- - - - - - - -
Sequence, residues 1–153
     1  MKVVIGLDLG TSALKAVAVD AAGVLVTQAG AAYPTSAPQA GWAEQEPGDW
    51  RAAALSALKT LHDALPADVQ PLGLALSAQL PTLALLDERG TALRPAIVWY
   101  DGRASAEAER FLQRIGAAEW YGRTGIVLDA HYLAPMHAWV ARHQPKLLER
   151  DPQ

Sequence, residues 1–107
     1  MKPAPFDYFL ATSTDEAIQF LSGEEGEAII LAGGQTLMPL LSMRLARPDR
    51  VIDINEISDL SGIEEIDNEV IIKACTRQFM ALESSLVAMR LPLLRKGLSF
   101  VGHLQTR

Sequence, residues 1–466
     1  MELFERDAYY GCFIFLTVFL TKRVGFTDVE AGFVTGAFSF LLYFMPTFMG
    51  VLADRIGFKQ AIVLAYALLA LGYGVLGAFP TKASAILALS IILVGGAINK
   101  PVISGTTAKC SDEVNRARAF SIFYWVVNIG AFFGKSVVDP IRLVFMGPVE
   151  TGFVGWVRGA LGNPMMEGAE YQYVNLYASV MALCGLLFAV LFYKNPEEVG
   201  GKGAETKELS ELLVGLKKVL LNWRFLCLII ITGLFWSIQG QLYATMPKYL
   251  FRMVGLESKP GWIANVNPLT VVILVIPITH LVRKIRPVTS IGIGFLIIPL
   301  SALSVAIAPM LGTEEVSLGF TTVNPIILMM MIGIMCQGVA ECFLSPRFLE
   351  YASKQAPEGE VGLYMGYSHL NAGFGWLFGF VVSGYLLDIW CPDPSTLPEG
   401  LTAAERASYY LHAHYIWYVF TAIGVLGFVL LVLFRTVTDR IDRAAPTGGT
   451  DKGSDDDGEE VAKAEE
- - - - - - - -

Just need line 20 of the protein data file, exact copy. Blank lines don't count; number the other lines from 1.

   451  DKGSDDDGEE VAKAEE